By Deb Murphy
The old mining town of Cerro Gordo, seven miles east of Keeler, closed escrow last Friday, passing to new owners and eventually a new life as a “lively hospitality destination,” according to a write-up in The Real Deal real estate website.
Jake Rasmussen of Bishop Real Estate closed the deal above the original asking price of $925,000. The new owners are Brent Underwood, described as a hospitality entrepreneur and best-selling author, and public relations executive Jon Bier.
Rasmussen put together a nation-wide marketing campaign including a video that attracted a quarter of a million views, to find a buyer for the 300-acre property that includes all the amenities of an 1860 mining town.
For the time being, the tours of the site will continue as is. According to the Real Deal, the long-term plan includes renovation while maintaining much of the existing structures. The new owners expect the site “will be used for weekend getaways, festivals, photoshoots and writing retreats.”
The new owners’ commitment to the history of the site was a factor in the sellers’ decision faced with multiple offers.
Underwood, Bier and a handful of minority investors will be getting 80 years of mining history in the Inyos, along with 22 buildings that range from chapel to saloon.
In 1865, Pablo Flores set up a mining and smelting operation near the Buena Vista Peak. The quality of the silver ore drew Victor Beaudry from Independence to the mine. He set up a store and started acquiring mining claims in lieu of unpaid debt. He ended up owning some of the richest mines in the area and interest in the Union mine.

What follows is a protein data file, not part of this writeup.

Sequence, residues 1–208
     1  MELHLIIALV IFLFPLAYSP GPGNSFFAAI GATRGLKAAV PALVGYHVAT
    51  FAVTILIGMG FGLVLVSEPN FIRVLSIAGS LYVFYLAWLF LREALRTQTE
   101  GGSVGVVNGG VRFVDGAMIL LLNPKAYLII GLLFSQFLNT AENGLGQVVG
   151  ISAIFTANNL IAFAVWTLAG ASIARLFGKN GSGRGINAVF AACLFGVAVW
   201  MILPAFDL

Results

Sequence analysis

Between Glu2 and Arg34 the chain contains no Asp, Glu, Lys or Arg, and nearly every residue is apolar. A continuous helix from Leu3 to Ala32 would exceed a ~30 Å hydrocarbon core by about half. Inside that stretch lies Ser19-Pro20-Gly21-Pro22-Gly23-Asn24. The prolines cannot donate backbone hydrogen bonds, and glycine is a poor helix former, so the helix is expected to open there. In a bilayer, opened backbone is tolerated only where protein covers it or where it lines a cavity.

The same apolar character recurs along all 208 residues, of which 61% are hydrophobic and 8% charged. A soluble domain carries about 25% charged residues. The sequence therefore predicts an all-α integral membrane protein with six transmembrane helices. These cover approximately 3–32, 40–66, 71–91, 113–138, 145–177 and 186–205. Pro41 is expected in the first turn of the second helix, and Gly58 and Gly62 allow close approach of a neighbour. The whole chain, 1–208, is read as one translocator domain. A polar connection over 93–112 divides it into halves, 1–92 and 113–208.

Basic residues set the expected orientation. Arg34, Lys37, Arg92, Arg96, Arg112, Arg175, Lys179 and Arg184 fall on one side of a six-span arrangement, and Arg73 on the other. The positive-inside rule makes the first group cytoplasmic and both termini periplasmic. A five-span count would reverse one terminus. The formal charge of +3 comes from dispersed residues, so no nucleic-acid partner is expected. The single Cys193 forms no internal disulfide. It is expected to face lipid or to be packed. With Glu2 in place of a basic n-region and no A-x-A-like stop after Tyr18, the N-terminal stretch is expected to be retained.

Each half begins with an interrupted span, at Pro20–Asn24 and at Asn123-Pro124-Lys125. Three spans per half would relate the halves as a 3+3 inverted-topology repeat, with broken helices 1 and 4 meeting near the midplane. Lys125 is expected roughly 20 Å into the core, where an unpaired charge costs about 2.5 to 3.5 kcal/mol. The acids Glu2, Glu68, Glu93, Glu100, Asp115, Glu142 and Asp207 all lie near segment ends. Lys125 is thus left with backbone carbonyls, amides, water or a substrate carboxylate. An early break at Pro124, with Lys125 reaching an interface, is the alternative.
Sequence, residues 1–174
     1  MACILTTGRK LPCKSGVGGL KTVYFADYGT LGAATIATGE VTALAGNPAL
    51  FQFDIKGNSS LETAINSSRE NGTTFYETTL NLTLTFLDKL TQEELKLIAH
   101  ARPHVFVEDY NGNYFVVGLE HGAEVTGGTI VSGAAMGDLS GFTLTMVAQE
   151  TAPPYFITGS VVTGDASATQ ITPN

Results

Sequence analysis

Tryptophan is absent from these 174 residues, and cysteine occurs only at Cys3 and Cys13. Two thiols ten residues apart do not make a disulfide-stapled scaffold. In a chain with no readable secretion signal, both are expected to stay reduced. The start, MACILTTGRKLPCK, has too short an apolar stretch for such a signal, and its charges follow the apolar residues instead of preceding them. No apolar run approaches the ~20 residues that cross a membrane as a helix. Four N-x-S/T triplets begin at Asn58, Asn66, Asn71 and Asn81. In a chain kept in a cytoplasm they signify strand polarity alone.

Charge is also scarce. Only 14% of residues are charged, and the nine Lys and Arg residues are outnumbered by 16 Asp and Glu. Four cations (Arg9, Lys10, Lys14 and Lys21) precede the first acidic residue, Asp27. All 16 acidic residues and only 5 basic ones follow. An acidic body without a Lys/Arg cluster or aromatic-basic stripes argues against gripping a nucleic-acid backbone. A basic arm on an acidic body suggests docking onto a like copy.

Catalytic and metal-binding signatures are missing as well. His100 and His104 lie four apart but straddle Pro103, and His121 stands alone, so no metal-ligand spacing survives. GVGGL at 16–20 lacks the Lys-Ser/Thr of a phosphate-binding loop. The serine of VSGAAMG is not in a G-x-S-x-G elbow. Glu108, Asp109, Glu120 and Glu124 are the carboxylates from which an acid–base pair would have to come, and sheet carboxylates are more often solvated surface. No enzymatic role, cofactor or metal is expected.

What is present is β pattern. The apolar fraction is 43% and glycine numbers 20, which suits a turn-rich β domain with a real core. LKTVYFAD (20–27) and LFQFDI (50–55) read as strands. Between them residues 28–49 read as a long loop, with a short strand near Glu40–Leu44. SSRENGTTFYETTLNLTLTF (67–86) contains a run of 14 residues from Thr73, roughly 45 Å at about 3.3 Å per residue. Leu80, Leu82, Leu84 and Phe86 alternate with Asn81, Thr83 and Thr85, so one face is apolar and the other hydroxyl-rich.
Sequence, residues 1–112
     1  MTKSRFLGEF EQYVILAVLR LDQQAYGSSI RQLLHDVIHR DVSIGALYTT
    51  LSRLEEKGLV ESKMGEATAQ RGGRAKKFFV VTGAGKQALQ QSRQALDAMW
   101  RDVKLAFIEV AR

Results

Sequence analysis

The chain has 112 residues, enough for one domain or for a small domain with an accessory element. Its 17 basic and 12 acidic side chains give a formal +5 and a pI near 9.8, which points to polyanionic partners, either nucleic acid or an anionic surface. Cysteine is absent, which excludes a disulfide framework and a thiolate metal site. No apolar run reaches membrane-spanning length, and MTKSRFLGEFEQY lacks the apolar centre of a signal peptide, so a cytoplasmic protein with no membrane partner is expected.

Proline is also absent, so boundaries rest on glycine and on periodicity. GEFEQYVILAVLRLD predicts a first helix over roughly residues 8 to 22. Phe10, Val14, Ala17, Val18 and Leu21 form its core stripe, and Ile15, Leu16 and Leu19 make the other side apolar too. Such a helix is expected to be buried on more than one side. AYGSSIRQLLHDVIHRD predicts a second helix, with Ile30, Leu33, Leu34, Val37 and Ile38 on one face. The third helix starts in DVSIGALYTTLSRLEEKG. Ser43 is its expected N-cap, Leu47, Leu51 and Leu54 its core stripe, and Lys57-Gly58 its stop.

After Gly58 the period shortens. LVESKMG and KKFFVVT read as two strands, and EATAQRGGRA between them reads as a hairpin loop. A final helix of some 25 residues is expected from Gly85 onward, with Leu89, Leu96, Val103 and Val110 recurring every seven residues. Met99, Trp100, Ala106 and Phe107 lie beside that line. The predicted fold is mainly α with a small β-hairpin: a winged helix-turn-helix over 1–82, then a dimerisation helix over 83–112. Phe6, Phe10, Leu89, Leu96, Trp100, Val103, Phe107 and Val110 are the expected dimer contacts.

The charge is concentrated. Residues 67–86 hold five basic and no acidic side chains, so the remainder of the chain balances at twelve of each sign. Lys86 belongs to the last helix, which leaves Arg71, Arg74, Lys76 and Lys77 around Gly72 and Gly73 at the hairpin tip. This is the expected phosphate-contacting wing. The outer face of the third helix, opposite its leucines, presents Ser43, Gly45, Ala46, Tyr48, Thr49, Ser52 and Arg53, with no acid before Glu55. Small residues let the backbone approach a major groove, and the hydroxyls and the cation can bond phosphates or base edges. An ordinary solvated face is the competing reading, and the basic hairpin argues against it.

By 1869, the fat hill was the largest producer of silver and lead in California, all of which was hauled to Los Angeles. The Los Angeles News attributed the success of the city to the steady stream of silver bullion that ran through it.
The boom lasted until early 1877 when the mines seemed to have played out, prices dropped and a fire ripped through the mining buildings and into the Union shaft.
A mining revival in the Panamints drew new exploration in 1905. Zinc replaced silver as the ore of choice in 1907 and five years later, Cerro Gordo was the largest producer of zinc carbonates in the United States.
From the early days through 1938, the gross production at the site hit $17 million.
One hundred fifty three years after Flores started mining, Cerro Gordo is ready for its second revival.